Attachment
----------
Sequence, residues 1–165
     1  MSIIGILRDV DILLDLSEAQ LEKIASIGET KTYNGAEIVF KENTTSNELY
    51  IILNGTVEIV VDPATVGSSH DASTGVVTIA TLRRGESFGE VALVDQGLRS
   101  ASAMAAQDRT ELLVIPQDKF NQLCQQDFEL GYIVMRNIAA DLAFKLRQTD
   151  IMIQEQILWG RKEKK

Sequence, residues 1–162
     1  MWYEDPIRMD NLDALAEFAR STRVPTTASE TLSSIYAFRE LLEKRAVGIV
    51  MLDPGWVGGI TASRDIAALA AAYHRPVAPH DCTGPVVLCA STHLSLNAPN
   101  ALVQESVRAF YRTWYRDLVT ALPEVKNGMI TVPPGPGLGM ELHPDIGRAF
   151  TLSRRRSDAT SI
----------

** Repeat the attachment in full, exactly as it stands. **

Sequence, residues 1–165
     1  MSIIGILRDV DILLDLSEAQ LEKIASIGET KTYNGAEIVF KENTTSNELY
    51  IILNGTVEIV VDPATVGSSH DASTGVVTIA TLRRGESFGE VALVDQGLRS
   101  ASAMAAQDRT ELLVIPQDKF NQLCQQDFEL GYIVMRNIAA DLAFKLRQTD
   151  IMIQEQILWG RKEKK

Sequence, residues 1–162
     1  MWYEDPIRMD NLDALAEFAR STRVPTTASE TLSSIYAFRE LLEKRAVGIV
    51  MLDPGWVGGI TASRDIAALA AAYHRPVAPH DCTGPVVLCA STHLSLNAPN
   101  ALVQESVRAF YRTWYRDLVT ALPEVKNGMI TVPPGPGLGM ELHPDIGRAF
   151  TLSRRRSDAT SI